German grammar: it’s good for something… Or: the difficulties of gender in translation

German grammar has a bad press, but its complexity actually lends itself to a lot of flexibility in expression – particularly when you want to indicate gender. Using the definite articles die/der, noun suffixes (like -in) or gendered adjective endings are all rather simple ways to add the information that the person or thing in question is male or female. … More German grammar: it’s good for something… Or: the difficulties of gender in translation

Advent giveaway 2: an exclusive short story extract

Today is National Short Story day in the UK, and it’s also #translationthurs on Twitter, so it seems the ideal day for my second giveaway, this exclusive extract of Silke Scheuermann’s ‘The Handover’ (translated by me), from her collection Reiche Mädchen (Rich Girls, 2005). It might seem like a tease only to post an extract, … More Advent giveaway 2: an exclusive short story extract

Translation workshop with Carmen-Francesca Banciu

Last week I went down to Bristol to take part in a translation workshop with Carmen-Francesca Banciu, a Romanian-born author who writes in German. The workshop was the opening event of a conference organised by my lovely colleagues Debbie Pinfold and Sara Jones on ‘Remembering Dictatorship‘. Together with a group of students and translators from Bristol … More Translation workshop with Carmen-Francesca Banciu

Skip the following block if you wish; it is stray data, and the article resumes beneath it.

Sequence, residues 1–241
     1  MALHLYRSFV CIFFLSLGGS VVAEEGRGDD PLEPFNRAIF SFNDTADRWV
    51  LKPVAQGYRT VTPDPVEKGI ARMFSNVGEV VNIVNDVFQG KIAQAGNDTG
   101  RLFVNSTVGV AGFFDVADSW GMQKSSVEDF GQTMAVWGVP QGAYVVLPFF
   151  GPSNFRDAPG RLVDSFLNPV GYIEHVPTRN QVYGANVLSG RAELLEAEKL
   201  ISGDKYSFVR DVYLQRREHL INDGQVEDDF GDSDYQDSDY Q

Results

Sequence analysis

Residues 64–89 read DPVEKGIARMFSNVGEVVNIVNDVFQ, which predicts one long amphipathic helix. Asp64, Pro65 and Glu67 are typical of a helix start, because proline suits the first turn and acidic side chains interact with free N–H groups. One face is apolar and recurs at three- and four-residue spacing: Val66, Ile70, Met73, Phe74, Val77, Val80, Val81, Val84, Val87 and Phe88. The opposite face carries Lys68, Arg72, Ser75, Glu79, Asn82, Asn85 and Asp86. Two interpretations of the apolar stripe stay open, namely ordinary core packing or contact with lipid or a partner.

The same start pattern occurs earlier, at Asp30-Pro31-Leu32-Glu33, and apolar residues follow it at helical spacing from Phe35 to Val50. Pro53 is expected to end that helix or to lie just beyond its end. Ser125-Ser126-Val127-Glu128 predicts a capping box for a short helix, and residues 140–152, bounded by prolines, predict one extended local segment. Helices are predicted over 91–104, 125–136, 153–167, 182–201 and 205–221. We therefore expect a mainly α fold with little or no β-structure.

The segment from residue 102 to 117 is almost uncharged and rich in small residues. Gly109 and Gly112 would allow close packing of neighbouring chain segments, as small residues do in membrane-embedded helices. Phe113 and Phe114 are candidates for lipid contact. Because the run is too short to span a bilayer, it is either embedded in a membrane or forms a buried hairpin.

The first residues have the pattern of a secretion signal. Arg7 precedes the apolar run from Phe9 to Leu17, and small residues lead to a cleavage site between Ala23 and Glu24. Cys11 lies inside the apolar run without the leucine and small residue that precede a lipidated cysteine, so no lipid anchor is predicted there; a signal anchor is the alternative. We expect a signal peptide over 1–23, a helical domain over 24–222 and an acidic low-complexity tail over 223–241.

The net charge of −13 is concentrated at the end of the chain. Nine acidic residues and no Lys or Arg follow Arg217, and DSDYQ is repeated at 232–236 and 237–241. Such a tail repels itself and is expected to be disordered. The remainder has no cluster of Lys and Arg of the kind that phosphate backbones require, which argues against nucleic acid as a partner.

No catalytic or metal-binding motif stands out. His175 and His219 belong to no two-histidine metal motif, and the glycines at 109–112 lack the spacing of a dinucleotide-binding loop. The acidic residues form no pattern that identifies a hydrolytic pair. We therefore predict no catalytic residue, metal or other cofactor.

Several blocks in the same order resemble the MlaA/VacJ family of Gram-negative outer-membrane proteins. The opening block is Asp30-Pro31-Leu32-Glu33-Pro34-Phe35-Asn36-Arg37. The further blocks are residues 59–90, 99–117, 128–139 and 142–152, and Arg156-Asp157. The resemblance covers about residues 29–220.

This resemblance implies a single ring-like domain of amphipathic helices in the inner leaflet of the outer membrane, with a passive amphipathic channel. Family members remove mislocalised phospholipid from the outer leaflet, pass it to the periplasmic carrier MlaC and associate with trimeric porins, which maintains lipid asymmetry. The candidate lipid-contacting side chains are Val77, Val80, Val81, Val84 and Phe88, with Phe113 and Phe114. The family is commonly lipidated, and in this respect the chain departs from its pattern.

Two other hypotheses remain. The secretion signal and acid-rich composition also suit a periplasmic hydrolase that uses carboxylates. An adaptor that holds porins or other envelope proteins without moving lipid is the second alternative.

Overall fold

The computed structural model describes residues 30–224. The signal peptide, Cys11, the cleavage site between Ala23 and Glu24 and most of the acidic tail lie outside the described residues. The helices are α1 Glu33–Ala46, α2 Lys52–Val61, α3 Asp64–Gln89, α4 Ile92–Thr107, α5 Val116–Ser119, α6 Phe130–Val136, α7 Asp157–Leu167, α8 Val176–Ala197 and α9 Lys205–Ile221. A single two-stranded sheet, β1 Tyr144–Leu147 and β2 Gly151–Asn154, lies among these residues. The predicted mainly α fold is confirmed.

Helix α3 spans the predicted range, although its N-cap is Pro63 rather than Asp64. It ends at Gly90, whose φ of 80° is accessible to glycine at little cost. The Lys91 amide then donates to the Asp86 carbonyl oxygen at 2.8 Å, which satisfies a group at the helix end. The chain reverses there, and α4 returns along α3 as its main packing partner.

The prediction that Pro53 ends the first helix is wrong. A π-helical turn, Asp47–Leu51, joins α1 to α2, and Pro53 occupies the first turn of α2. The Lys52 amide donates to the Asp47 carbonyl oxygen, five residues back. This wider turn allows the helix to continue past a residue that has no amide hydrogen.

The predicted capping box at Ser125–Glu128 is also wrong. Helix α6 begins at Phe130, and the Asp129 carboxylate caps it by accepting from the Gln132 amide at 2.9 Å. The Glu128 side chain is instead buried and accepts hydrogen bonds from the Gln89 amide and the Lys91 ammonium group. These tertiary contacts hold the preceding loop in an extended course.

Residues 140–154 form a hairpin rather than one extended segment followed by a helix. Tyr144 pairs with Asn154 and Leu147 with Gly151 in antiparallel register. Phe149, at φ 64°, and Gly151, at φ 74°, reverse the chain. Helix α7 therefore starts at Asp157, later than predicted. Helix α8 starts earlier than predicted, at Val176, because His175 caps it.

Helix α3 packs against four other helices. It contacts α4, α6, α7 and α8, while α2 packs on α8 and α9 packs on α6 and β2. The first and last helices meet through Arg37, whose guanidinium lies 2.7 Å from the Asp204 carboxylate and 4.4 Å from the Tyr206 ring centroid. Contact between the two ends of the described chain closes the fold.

BCLT / TA translation mentorship scheme

I’m delighted to be taking part in a new translation mentorship scheme run by the British Centre for Literary Translation and the Translators’ Association for the next six months. As part of the programme, I will be mentoring translator Jamie Lee Searle, a London-based translator of literary fiction and non-fiction from German into English, and part-time tutor at QMUL. … More BCLT / TA translation mentorship scheme

What affects the way we read books? thinking about authors, gender and translations

In my last post, I was looking at different covers for the same novel in translation across a range of languages, because I was wondering to what extent the cover image affects our expectations of the book inside. If the novel has a different cover, do we actually read it differently? could we even consider … More What affects the way we read books? thinking about authors, gender and translations

Judging books by their covers: Herta Müller in translation

Since Herta Müller won the Nobel Prize in 2009, there have been a whole host of re-issues, new publications and translations of her writing. It’s fascinating to see how the books are now being marketed (aside from the ubiquitous stickers saying ‘Nobel Prize winner’, of course), and what their cover images say about the writing … More Judging books by their covers: Herta Müller in translation

Highs and Lowlands: desperately seeking Romanian publications by Herta Müller

It might not look like much – the cover is a grainy black and white, with a picture of a rather unattractive toad – but this book, Niederungen, is probably the most sought-after of Herta Müller’s publications… or at least it is from where I’m sitting. There is only one copy to be found for sale on … More Highs and Lowlands: desperately seeking Romanian publications by Herta Müller